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This THEMIS image of rounded hills and ridges in Arcadia Planitia shows a very intriguing geomorphic feature that may be attributed to the presence of an icy-rock mixture of material. Smooth aprons of material are observed to be preferentially located on the cold, north facing slopes of hills and extend further and beyond the deposits located on other sides. These smooth deposits are in stark contrast to the more rough surfaces that dominate the scene and it has been suggested that they represent a preserved mixture of ice and rock. How exactly this deposit forms still remains a mystery. They may have been "pasted" onto the slopes and preserved on the cold facing sides or they may represent the result of downslope motion of material that is enhanced by the presence of ground ice. In either case, this interesting observation suggests that ground ice may still play an important role in the formation and preservation of martian surface features.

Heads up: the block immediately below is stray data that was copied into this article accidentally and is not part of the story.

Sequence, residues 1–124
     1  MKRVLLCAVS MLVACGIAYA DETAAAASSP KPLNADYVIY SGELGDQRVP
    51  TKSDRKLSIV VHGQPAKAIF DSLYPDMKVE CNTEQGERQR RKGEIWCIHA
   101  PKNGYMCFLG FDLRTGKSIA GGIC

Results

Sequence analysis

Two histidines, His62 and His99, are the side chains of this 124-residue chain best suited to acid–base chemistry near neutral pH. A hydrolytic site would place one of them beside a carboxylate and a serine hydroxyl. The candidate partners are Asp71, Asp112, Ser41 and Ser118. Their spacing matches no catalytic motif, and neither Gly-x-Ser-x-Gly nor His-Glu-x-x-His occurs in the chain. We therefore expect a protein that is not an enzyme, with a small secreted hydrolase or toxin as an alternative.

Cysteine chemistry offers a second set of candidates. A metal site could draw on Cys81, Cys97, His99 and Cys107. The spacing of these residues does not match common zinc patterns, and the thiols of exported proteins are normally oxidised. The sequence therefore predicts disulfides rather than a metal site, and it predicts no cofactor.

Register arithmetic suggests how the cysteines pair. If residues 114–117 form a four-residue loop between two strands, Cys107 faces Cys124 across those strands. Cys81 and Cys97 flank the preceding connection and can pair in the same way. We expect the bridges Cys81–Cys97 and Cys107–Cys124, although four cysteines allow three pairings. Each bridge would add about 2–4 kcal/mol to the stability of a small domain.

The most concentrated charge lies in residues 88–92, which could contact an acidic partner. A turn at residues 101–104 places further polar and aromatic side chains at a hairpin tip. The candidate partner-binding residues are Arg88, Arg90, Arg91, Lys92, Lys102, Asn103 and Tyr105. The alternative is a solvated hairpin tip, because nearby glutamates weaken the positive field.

12.19.2002
Arcadia Planitia
This THEMIS image of rounded hills and ridges in Arcadia Planitia shows a very intriguing geomorphic feature that may be attributed to the presence of an icy-rock mixture of material. Smooth aprons of material are observed to be preferentially located on the cold, north facing slopes of hills and extend further and beyond the deposits located on other sides. These smooth deposits are in stark contrast to the more rough surfaces that dominate the scene and it has been suggested that they represent a preserved mixture of ice and rock. How exactly this deposit forms still remains a mystery. They may have been "pasted" onto the slopes and preserved on the cold facing sides or they may represent the result of downslope motion of material that is enhanced by the presence of ground ice. In either case, this interesting observation suggests that ground ice may still play an important role in the formation and preservation of martian surface features.

Image Credit: NASA/JPL-Caltech

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